Thursday, March 18, 2010

Less Is More

I hate deflation ... when I'm selling. The CSO says prices in my business sector (market research) are falling and back to where they were before 2006. Sounds about right. But I love deflation ... when I'm buying. It seems the costs of lot of things I buy - be it inputs into my business or simply as a consumer - are still falling: the consumer price index is back to 2006 as well.

And I'm not alone in my infatuation with deflation. I asked a question on my company's omnibus survey of 1,000 adults in the Republic of Ireland last week about the trend in 'purchasing power'. Given the downward trend in incomes after tax thanks to tax rises, salary and wage cuts, and not to mention job losses, you might expect that people would be feeling over-stretched. But here's where deflation comes in: when asked 'does your money buy a more or less than it did a year ago' the majority, 56%, clearly say that it buys more (13% say it buys a lot more, as seen in the chart). Deflation seems to have compensated for some of the income reduction experienced by most people in the past few years (though admittedly not all of the extra 'stretch' in purchasing power is down to deflation: if you simply stop spending then you've got 'more' to spend ...).

Curiously, men are more likely than women to say their money is going further (59% vs 53%), along with middle aged groups (62% of 45-54s) and those in higher social classes (59% of ABC1s). Nevertheless, majorities in every sub-group of the general population say that their money is going a lot or a little further than a year ago.

All of this is just as well, of course, because deflation has a firm grip on Ireland. We are experiencing what Richard Koo correctly calls a Balance Sheet Recession, with all that that entails in terms of falling asset prices and the generalised deflation that results from it. As he says himself in a fascinating interview in Weedon & Co's newsletter, it takes years for businesses and households to 'clean out' their balance sheets after an asset bubble bursts, all part of a long term process of bringing debts back into a sustainable ratio with revenues and incomes.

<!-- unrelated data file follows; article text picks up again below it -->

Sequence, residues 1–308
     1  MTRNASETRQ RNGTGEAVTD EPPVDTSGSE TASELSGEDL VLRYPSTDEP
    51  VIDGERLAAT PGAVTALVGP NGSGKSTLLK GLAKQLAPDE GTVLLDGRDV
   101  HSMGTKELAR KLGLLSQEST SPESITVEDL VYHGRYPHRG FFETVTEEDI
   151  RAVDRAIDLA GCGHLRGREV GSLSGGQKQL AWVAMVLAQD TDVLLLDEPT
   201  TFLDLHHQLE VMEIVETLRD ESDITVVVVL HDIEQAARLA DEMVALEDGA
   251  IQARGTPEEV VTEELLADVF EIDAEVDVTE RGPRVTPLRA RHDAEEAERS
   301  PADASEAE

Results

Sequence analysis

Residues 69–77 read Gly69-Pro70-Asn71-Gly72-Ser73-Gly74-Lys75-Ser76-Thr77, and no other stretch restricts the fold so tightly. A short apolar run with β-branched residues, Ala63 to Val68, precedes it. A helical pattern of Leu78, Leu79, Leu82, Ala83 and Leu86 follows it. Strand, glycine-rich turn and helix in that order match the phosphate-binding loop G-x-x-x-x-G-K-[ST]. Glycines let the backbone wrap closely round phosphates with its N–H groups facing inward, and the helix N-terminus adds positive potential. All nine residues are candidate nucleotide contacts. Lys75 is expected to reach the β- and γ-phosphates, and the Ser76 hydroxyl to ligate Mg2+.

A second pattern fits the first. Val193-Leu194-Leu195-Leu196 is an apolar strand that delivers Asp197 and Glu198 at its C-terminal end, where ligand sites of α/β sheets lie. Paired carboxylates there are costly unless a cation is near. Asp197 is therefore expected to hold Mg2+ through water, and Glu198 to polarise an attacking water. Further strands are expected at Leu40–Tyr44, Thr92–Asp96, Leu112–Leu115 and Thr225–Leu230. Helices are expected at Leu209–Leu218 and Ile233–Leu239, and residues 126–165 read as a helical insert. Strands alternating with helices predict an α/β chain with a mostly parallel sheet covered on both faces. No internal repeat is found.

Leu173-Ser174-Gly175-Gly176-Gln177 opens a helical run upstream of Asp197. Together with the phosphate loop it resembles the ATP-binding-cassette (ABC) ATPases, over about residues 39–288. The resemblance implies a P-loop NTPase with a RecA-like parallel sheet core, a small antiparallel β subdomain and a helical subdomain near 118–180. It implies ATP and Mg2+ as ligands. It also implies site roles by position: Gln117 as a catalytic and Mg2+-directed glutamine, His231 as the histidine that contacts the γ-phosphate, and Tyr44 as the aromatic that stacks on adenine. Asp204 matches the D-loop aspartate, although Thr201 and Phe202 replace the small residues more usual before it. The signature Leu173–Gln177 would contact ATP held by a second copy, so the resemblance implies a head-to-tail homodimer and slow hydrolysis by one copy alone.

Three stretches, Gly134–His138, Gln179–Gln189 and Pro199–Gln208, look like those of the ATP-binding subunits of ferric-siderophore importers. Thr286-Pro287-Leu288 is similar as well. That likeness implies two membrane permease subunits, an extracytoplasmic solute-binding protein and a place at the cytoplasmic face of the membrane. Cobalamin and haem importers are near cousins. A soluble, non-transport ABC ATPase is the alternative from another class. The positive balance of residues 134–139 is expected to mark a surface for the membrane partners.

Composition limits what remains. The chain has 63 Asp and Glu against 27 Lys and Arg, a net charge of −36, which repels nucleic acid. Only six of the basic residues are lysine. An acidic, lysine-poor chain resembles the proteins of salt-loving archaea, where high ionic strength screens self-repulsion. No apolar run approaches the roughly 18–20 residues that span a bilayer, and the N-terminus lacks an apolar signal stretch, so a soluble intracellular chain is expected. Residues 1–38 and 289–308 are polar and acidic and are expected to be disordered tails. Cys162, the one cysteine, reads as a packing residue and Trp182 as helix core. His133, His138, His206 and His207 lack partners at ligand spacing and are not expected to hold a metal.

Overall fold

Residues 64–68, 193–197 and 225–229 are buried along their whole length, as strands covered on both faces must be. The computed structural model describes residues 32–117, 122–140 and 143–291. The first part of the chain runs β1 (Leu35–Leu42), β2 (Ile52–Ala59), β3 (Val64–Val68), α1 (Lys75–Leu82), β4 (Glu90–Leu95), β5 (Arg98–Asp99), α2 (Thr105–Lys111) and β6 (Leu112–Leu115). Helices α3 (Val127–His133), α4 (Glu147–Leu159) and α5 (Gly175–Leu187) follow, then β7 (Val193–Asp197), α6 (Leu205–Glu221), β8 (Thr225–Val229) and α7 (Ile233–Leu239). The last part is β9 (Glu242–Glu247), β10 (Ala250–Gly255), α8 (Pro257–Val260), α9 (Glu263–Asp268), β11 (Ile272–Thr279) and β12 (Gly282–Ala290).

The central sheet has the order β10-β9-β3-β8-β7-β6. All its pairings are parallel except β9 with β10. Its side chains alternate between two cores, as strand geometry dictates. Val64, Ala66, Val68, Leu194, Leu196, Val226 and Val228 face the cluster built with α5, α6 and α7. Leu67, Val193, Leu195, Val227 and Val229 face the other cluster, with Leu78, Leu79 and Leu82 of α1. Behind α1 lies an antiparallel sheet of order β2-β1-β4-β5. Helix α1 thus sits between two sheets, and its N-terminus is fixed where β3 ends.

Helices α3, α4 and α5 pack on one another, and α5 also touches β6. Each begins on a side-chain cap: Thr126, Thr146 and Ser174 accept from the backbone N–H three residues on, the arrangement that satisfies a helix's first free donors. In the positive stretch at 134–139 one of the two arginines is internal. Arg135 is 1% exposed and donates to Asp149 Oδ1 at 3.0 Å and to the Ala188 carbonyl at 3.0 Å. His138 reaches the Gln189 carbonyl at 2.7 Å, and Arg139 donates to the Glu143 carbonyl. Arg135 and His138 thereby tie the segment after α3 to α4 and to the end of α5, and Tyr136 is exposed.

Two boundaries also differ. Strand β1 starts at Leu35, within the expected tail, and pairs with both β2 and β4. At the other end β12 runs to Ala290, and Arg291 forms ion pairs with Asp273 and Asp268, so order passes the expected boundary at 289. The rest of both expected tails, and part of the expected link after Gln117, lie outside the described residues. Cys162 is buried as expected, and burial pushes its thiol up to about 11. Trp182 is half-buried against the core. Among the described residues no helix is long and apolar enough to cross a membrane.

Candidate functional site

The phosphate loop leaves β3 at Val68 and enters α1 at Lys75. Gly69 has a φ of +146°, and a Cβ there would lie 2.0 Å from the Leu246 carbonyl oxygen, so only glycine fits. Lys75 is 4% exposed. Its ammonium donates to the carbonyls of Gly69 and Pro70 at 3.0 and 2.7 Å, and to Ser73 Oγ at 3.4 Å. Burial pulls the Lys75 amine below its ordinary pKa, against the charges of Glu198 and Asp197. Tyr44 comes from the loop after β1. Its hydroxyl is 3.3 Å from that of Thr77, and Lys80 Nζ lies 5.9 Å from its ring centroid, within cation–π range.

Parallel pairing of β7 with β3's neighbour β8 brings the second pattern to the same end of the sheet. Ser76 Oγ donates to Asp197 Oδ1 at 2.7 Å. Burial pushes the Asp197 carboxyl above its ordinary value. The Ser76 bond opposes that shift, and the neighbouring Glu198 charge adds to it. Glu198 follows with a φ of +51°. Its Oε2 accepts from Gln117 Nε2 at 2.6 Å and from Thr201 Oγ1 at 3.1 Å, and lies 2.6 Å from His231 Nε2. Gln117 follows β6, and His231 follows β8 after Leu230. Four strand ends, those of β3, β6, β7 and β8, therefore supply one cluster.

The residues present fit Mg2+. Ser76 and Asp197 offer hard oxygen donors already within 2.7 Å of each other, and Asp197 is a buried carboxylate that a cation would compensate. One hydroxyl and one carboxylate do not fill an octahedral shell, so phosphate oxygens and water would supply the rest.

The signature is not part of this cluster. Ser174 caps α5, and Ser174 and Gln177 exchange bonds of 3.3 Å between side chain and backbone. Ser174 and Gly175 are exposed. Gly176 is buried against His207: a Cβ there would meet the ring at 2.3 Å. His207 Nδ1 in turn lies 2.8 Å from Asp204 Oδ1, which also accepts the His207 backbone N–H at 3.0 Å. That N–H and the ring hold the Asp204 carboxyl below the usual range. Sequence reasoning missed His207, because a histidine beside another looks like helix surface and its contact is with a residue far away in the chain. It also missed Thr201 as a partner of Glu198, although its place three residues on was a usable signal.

Deflation is a saver's friend and a borrower's enemy. The former gains from seeing the purchasing power of their savings increase over time (even with near-zero interest rates), the latter suffers from seeing the value of their securities, against which they borrowed, decrease over time. Likewise deflation is good for the consumer but is tough on the retailer if his or her revenues are falling (due to falling prices) whilst rent and borrowing costs are high or rising.

What about growth? A price-cut for a price-cut soon leaves everyone broke. Koo's solution is a massive government spending binge, fuelled by borrowing all the money going into savings (since no businesses are borrowing as they're all too busy repaying debts). The problem here in Ireland is that - sure enough - we're getting the massive borrowings, but instead of new railways, schools and hospitals we're getting ... NAMA.

I suspect we'll have - yet again - a two-speed economy in Ireland for the foreseeable future. The foreign owned companies that were built on things other than flipping property (pharma, IT etc) will do well from the global economic recovery now under-way, and some of that will reflect back on Ireland. But many of our indigenous companies - who discovered that flipping property was, for a while anyway, far easier than making and selling stuff that other people might actually buy - will take much longer to recover.

1 comment:

  1. This "fear of deflation" is largely nonsensical. Deflation does not keep people from spending – they always spend what's necessary. And money NOT "spent" is then saved which means it is credit to someone who invests it for capital goods etc. thus it is again being spent, only not for consumption. Money never lies completely idle to any extent whether there's inflation, deflation, stability or a solar eclipse. For deflation to seriously happen, not only the current extreme credit expansion by the central banks and states (through "quantitative easing", stimulus packages, monetising and then spending national debt etc.) but also the money that was released into the economy PRIOR to the collapse would have to be "mopped up" again. This is nowhere to be seen nor would it be technically possible (confiscation aside) so we will rather see inflation than deflation.


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